I’ve got a potty mouth. Well, not me exactly, but several of my favorite characters. My editor has asked me to tone down the language in my upcoming novel, THE STONE NECKLACE. He went so far as to COUNT the number of times I dropped the f-bomb. (It wasn’t me, I swear. It was my character Phillip. He just talks that way. And sometimes Sandy. And yeah, Elliott, too … okay, maybe it is me.)
I thought editing out the bad language wouldn’t be that big a deal, but it’s actually been quite a challenge. For some situations, one NEEDS a special word, and—trust me—that word isn’t “fudge.”
Yet I know my editor’s correct. If I want to widen my audience, I need to be careful not to alienate anyone over a word or two. (Or thirty-seven …). My relationship with new readers is more important than any expletive I have in my text. I don’t want to offend anyone—or at least, if I do offend someone, it should be about something more substantive than SH*T.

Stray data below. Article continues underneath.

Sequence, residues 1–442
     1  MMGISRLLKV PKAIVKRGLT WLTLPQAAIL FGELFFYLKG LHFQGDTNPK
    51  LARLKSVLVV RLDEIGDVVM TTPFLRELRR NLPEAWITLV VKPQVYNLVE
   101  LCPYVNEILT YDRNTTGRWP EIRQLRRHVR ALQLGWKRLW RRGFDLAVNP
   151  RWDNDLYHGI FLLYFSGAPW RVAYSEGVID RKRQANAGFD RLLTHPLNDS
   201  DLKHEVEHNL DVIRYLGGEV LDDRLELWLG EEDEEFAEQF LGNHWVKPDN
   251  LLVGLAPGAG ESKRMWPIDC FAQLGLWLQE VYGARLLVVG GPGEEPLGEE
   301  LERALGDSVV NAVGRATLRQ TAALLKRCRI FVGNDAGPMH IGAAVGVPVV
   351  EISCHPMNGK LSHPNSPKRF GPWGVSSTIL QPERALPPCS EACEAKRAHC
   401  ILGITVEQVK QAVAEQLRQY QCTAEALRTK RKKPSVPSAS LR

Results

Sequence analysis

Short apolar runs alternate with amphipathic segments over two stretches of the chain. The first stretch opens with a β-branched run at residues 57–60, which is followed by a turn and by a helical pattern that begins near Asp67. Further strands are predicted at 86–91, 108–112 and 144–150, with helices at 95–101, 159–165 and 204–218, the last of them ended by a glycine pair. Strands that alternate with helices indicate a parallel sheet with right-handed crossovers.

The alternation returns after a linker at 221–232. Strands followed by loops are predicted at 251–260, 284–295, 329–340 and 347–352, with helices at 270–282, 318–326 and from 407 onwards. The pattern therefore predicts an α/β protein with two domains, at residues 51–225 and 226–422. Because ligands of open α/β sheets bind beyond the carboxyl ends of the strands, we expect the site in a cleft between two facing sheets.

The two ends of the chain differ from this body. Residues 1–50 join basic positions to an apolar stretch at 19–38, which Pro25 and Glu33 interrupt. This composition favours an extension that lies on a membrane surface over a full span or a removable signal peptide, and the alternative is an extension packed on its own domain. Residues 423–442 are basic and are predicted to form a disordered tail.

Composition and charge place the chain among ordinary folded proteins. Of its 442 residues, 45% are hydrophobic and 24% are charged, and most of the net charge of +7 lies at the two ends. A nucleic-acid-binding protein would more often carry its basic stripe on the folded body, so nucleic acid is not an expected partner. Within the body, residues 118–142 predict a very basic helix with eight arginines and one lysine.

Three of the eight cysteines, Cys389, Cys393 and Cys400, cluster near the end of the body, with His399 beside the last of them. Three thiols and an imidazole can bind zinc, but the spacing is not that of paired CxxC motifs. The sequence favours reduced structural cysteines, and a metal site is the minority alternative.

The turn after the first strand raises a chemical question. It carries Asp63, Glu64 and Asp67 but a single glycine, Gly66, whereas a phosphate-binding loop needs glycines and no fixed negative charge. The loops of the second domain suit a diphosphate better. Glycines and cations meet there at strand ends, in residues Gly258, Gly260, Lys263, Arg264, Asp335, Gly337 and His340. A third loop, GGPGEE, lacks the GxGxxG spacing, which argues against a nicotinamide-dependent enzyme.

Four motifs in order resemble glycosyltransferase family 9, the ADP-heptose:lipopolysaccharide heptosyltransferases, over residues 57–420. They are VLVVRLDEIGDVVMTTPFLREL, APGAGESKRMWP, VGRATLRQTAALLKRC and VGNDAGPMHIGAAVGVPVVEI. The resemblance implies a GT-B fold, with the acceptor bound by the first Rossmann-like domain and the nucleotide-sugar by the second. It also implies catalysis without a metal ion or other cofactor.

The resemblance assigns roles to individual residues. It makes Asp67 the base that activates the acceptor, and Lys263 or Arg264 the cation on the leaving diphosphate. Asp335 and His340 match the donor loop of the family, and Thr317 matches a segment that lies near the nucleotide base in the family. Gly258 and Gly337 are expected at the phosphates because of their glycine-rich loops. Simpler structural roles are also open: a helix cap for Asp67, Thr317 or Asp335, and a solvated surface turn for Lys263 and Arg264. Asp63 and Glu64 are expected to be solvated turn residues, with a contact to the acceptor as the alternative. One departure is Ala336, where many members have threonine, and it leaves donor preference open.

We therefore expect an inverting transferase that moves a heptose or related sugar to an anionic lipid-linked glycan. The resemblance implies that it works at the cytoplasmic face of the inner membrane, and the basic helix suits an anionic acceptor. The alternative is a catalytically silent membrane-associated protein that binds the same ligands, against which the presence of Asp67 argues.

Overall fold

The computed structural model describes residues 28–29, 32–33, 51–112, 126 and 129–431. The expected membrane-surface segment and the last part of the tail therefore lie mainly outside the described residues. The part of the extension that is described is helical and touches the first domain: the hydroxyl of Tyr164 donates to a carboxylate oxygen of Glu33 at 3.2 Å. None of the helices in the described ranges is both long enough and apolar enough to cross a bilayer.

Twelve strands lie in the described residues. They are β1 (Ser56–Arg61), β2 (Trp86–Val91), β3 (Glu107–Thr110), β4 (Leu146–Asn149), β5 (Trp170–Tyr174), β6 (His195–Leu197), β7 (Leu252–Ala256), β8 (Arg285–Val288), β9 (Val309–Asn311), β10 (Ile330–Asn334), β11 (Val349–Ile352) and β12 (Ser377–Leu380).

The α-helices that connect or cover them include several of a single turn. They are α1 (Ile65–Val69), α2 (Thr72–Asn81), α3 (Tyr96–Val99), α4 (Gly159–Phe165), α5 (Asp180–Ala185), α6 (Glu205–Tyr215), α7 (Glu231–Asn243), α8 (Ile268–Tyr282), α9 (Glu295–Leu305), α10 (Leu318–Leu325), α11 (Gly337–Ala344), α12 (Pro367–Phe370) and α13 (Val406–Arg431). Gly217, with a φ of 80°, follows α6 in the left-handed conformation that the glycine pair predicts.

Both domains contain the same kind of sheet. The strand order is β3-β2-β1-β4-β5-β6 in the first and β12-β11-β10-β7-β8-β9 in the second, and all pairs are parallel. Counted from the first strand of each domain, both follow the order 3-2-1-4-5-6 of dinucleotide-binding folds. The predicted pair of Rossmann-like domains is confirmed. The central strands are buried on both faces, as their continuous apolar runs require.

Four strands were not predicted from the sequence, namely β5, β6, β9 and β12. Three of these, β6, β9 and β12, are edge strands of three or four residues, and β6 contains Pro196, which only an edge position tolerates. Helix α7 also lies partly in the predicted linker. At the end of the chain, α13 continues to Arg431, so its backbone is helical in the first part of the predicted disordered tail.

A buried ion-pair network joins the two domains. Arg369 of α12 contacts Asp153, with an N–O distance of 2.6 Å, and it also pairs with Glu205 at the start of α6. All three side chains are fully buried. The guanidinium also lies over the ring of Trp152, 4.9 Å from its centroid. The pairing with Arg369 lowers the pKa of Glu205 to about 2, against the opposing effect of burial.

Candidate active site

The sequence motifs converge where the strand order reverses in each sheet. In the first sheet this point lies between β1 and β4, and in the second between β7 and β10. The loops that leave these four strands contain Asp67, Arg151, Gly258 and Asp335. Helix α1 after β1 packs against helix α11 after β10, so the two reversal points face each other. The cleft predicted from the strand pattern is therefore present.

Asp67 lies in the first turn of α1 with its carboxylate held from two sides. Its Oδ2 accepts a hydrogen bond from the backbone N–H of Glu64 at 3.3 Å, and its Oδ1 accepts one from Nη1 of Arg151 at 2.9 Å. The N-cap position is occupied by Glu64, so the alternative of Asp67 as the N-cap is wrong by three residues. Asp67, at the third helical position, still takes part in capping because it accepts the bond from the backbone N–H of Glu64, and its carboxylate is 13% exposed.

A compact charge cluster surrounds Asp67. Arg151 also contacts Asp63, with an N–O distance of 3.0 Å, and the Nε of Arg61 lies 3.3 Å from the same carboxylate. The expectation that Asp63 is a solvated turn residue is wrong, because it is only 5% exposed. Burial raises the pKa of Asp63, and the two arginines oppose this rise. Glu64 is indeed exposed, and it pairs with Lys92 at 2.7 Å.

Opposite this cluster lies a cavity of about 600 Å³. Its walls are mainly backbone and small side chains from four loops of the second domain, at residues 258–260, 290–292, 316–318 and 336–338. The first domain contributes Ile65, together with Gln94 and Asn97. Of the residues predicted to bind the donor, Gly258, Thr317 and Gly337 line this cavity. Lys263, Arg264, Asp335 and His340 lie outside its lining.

Still, here’s my challenge: how do I accurately portray an on-the-streets, drug using, bad-guy (notice I didn’t use bada**) dude without having him speak the words I know he’d use?
For some characters, I can spice up their language more creatively. One character might actually say “fudge,” eyebrows lifted, so that we all know what she really means. The son of the car crash victim could say “damn” instead of a harsher word. (Is “damn” okay? After all, Rhett Butler said it. A question for my editor.)
But that one guy… he’s a puzzle. He wouldn’t have a big vocabulary. He has no college education that would have provided him with effective synonyms. I can’t imagine him using “monkey flunker” in any conversation.
One thing he would use, though, is silence. His cold stare night be more effective than a dozen firetruck-you’s. His sausage thick finger pointed at my protagonist could be more terrifying than any curse words he might care to utter. His looming presence casts quite a shadow over the novel; I can make use of that in place of his salty vocabulary. It could work.
Problem solved? Not quite. I still find a few places—not many—where it’s hard to come up with a word to replace the expletive without losing the effect. I must mull. And mull some more.